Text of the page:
Combustion of any fuel (solid or liquid) creates emissions, potentially released to the air, and by-products, including ash, for reuse or disposal. Emissions to the air contain several pollutants of increasing concern: trace amounts of metals (of particular concern mercury, Hg), sulfur compounds (SO2 and SO3, collectively called SOX), nitrogen compounds (NO and NO2, collectively called NOX), hydrogen–halogen compounds (HCl and HF) and fine particles (particulate).
With the Clean Air Act of 1990, the U.S. Environmental Protection Agency set various regulations that specifically addressed most of the major air pollutants (NOX, SO3 and particulates) from coal-fired power plants. The result of these regulations has been a dramatic improvement in air quality in the United States, despite a growing population and expanded economy. Recently, the EPA promulgated the Mercury and Air Toxics Standard (MATS), which for the first time in this country requires utilities that operate oil and coal plants to
There are three basic forms of mercury that can be emitted from the stack of coal-fired power plants – elemental mercury (Hg0), oxidized mercury (Hg2+) and particulate-bound mercury (Hgp).
These three forms make up the total mercury (Hg) that must be reduced for utilities to comply with MATS. Of these forms, the most difficult to remove is elemental mercury, since it is not easily removed by standard sorbents and, since it is rather insoluble, is not removed in scrubbers. The form of mercury is highly dependent on the type of coal that is combusted, the makeup of the ash and the type and arrangement of installed emission control equipment (selected catalytic reduction columns [SCRs], baghouses, electrostatic precipitator [ESPs], scrubbers, etc.) and the operations of the plant. Depending on these factors, the amount of Hg0 that is generated and potentially emitted can vary from 10–90 percent of the total mercury, with a typical range of 20–80 percent.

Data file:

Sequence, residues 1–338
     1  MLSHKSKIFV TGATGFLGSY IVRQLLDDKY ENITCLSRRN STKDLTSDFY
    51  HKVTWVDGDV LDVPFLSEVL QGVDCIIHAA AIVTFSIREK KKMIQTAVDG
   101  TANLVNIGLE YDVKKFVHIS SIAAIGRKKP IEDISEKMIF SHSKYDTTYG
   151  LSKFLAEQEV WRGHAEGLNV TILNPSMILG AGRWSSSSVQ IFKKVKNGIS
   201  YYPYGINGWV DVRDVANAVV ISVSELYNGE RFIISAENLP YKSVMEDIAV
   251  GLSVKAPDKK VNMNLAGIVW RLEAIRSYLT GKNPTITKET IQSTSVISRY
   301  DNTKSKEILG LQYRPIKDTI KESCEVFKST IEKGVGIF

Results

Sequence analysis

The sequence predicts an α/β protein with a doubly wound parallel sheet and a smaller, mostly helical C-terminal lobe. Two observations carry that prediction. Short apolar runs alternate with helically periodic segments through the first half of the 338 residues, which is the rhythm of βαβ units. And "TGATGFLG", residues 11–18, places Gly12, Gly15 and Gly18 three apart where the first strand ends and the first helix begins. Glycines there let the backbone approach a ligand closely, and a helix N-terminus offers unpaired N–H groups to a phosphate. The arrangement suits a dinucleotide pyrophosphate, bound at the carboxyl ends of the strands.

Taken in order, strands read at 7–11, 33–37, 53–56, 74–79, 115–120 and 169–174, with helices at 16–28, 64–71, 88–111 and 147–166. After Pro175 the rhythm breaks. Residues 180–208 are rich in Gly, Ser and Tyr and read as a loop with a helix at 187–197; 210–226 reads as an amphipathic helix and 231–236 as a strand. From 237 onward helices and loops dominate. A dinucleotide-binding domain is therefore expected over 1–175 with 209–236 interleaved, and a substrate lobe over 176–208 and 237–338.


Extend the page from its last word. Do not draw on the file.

Consequently, for utilities to meet the 90 percent reduction goal as targeted by MATS, they will have to utilize technologies that are effective at removing elemental mercury.
To achieve compliance with MATS, utilities are looking at low-cost options such as sorbent injection.
However, removing elemental mercury using injection of sorbents such as activated carbon (AC) has proven to be challenging. Early tests showed that activated carbon injection (ACI) was somewhat effective at capturing mercury, but was, in most cases, limited to about 60 percent removal, regardless of how much AC was injected. Several plants with high levels of Hg0 showed less than 50 percent removal using standard ACs, even at injection rates exceeding 10 lb/Macf (pounds/million actual cubic feet) of flue gas, a level considered uneconomical and unacceptable by most utilities. To overcome this, and in anticipation of stringent mercury reductions as called for under EPA’s MATS, Midwest Energy Emissions Corp. (ME2C), along with the Energy & Environmental Research Center (EERC) of the University of North Dakota, has, during the past several years, been developing, testing and successfully demonstrating a new technology that will provide a low-cost option for utilities to meet MATS.
A new approach to control mercury
Through extensive research, the EERC developed a complex sorbent–flue gas interaction model that led to the development of a revolutionary technology for controlling mercury known as the Sorbent Enhancement Additive (SEA™) technology. As shown in Figure 1, the capture of mercury using sorbents is complex, involving many forms of mercury, oxidation and the role and impact that various flue gas components have on chemisorption.